merchants in the Bible

Greek: ἔμπορος —transliteration: emporos —meaning: a merchant, or a shipboard passenger —occurrences: 5 (in Gospel of Matthew and Revelation)

Greek: κάπηλος —meaning: a retailer, or petty tradesman

Greek: καπηλεύω —transliteration: kapéleuó —meaning: peddler, to make a trade —occurrences: 1 (2 Corinthians 2:17)

The Hebrew word translated as merchant is from a root meaning “to travel about,” “to migrate,” and hence “a traveller.”

In the Middle East in ancient times, merchants travelled about with their merchandise from place to place (Genesis 37:25; Job 6:18), and carried on their trade mainly by bartering (Genesis 37:28; 39:1).

After the Hebrews became settled in Canaan they began to engage in commercial pursuits, which gradually expanded (Genesis 49:13; Deuteronomy 33:18; Judges 5:17), till in the time of King Solomon they are found in the chief maretplaces of the world (1 Kings 9:26; 10:11, 26, 28; 22:48; 2 Chronicles 1:16; 9:10, 21).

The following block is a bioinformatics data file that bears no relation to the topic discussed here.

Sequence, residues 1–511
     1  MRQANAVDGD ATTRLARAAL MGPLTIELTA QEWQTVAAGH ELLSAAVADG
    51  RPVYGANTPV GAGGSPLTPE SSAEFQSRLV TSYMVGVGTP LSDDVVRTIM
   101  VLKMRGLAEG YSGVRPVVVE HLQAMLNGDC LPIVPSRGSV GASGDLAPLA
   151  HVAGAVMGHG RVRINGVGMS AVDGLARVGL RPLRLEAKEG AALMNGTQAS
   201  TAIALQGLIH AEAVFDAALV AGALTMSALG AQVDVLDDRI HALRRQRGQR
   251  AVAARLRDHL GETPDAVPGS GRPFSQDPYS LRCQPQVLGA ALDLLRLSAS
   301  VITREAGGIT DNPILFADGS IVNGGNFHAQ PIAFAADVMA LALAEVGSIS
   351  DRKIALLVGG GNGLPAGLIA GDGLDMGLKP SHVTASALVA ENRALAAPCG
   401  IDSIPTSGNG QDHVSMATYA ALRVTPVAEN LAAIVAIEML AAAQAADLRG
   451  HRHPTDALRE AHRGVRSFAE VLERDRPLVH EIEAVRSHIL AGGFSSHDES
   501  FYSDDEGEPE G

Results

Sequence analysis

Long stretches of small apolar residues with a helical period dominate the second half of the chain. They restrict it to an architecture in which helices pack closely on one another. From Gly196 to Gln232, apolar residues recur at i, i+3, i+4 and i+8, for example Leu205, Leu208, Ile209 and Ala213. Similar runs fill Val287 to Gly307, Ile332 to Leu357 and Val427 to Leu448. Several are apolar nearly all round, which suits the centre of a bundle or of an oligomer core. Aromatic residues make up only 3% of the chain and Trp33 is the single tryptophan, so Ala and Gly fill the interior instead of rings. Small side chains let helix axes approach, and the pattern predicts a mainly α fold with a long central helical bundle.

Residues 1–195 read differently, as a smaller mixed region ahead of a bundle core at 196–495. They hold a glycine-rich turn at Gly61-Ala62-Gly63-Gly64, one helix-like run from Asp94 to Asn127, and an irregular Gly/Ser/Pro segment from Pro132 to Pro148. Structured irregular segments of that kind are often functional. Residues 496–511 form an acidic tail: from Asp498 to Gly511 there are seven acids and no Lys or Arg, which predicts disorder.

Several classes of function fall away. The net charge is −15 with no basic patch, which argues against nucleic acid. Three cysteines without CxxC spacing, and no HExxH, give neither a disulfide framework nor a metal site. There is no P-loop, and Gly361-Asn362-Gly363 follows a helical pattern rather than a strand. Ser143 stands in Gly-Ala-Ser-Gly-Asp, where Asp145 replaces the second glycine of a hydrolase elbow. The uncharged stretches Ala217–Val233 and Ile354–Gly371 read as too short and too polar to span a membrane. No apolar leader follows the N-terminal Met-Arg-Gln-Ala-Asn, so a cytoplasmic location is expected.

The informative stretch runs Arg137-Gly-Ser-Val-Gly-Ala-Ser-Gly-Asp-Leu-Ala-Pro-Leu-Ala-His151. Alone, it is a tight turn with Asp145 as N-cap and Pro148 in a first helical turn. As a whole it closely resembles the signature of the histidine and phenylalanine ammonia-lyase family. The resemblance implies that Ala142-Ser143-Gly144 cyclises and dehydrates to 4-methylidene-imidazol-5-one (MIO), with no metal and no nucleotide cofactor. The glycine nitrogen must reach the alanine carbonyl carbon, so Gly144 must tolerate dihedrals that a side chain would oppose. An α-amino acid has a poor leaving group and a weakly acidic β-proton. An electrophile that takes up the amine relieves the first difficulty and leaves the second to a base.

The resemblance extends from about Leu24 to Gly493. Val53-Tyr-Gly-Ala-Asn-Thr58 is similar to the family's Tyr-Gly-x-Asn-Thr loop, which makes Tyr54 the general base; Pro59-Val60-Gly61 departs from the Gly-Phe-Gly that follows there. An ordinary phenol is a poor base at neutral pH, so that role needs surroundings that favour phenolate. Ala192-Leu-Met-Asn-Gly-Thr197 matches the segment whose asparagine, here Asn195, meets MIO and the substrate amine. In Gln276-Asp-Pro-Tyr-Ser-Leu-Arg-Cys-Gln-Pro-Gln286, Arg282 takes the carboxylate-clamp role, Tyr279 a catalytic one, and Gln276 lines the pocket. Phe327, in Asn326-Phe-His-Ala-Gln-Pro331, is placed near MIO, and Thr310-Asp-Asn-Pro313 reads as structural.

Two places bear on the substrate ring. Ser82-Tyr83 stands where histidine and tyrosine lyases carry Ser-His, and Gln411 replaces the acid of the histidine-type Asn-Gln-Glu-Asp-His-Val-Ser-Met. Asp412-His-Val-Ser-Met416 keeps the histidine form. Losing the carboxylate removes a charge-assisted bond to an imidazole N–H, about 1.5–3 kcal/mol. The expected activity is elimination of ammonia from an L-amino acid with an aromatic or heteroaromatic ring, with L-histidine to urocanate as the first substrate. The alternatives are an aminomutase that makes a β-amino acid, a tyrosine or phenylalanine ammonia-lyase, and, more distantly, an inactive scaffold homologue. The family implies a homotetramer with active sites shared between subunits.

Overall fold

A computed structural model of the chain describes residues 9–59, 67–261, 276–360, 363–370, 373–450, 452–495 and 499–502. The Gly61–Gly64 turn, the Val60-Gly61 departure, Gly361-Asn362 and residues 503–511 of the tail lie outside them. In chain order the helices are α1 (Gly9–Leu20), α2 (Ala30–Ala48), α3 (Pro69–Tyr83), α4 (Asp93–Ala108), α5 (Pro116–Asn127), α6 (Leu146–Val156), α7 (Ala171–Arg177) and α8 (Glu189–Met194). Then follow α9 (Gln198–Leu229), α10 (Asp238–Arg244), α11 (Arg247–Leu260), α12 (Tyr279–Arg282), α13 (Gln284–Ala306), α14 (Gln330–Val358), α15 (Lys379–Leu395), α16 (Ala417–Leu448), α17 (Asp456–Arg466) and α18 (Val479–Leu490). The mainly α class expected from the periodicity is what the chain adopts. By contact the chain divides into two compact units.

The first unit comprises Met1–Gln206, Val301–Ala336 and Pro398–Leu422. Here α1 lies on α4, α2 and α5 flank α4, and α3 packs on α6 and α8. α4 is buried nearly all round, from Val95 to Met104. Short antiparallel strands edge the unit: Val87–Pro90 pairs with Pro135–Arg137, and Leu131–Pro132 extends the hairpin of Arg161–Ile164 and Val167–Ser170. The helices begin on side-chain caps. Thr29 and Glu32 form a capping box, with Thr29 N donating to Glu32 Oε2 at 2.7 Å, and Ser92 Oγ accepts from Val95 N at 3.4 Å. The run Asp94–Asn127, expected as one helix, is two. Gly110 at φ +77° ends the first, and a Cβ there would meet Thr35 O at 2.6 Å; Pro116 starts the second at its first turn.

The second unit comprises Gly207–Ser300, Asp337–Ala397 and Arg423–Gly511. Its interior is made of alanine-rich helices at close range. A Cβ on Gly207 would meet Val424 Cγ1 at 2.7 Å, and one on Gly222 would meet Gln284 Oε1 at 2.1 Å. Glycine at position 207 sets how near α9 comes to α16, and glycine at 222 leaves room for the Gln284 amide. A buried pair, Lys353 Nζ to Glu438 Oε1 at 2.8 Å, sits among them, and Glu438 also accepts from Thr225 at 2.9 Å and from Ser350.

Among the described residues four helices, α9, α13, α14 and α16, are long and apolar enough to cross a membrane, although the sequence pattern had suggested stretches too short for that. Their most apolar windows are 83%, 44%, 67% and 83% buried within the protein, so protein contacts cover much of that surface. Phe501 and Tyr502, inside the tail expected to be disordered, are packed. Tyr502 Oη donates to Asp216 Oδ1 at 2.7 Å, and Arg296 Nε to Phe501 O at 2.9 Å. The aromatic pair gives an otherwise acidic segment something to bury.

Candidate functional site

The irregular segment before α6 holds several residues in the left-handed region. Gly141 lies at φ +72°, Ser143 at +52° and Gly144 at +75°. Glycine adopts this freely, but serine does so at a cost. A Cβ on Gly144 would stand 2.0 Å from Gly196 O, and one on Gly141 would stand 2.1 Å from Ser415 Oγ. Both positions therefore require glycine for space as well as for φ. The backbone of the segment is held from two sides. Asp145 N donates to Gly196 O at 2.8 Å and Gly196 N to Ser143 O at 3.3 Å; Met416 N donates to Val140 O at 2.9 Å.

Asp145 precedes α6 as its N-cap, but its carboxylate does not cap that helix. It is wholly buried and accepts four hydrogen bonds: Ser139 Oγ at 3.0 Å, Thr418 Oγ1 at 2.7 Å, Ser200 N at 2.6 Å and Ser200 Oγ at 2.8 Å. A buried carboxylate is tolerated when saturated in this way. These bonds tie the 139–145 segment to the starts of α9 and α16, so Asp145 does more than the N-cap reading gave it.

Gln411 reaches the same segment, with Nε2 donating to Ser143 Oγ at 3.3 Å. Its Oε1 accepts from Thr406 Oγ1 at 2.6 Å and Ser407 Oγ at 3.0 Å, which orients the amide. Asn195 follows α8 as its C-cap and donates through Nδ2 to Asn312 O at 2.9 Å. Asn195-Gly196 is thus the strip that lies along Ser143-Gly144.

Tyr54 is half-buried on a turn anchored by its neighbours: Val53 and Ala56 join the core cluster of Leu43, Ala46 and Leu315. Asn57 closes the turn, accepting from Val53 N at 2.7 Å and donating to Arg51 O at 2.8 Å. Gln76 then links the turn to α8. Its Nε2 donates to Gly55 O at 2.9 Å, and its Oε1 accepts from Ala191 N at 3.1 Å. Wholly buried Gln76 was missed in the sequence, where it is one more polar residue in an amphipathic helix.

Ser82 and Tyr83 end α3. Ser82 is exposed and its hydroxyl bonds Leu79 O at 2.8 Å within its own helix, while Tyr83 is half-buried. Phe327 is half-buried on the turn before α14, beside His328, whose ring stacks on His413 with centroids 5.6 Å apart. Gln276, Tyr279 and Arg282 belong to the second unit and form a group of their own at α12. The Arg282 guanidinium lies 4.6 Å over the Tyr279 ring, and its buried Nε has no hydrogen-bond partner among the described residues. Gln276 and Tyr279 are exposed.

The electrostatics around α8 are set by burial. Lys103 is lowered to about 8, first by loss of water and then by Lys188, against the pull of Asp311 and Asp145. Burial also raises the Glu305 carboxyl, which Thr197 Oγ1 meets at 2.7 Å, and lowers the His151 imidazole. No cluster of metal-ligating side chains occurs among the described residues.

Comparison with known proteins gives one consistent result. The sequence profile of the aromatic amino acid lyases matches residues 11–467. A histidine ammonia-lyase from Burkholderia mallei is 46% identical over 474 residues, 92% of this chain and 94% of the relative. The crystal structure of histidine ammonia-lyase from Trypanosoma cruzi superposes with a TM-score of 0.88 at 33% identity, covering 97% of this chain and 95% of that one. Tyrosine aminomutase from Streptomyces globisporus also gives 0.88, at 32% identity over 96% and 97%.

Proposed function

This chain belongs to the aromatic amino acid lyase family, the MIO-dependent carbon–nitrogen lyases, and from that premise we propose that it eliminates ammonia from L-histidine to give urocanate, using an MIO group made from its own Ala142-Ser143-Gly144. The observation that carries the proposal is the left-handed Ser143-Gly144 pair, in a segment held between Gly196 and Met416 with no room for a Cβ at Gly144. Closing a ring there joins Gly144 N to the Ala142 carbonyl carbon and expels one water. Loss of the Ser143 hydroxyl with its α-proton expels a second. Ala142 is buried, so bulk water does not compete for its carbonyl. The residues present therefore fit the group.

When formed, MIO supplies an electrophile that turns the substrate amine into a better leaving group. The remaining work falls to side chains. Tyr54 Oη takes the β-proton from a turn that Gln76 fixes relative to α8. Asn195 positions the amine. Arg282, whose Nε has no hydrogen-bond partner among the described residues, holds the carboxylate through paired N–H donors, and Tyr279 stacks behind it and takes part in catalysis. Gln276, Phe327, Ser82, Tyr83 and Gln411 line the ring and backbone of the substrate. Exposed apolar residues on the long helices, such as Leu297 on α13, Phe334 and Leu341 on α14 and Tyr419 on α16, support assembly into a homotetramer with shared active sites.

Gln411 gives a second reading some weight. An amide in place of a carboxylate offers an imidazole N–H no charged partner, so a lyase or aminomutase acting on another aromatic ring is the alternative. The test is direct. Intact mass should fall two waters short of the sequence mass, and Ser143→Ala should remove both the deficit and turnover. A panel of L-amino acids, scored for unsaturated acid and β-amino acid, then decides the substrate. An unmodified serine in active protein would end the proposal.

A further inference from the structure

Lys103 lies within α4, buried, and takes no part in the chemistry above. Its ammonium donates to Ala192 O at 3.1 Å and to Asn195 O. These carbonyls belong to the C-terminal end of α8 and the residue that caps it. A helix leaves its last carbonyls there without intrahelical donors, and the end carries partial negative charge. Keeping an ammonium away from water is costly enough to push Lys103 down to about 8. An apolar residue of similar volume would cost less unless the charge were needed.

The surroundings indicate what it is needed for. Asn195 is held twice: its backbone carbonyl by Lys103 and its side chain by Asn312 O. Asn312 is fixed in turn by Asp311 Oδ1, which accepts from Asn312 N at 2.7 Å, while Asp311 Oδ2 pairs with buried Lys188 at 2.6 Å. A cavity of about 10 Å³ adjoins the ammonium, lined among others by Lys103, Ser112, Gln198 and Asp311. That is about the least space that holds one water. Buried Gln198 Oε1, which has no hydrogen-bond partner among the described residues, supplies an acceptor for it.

After Solomon’s time, their trade with foreign nations began to decline. After the Exile it again expanded into wider foreign relations, because now the Jews were scattered in many lands.

Merchant peoples include the Phoenicians, Ishmaelites, Midianites, and Hebrews.


Greek: ἀγορά —transliteration: agora —meaning: market; literally “gathering place”

This is an open place in a city that was commonly used to buy and sell and to meet with others, especially in Greek and Roman cities. Athens’ ancient agora is well-known. Agoras were usually in a city’s center or near the harbor.

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Article Version: June 15, 2024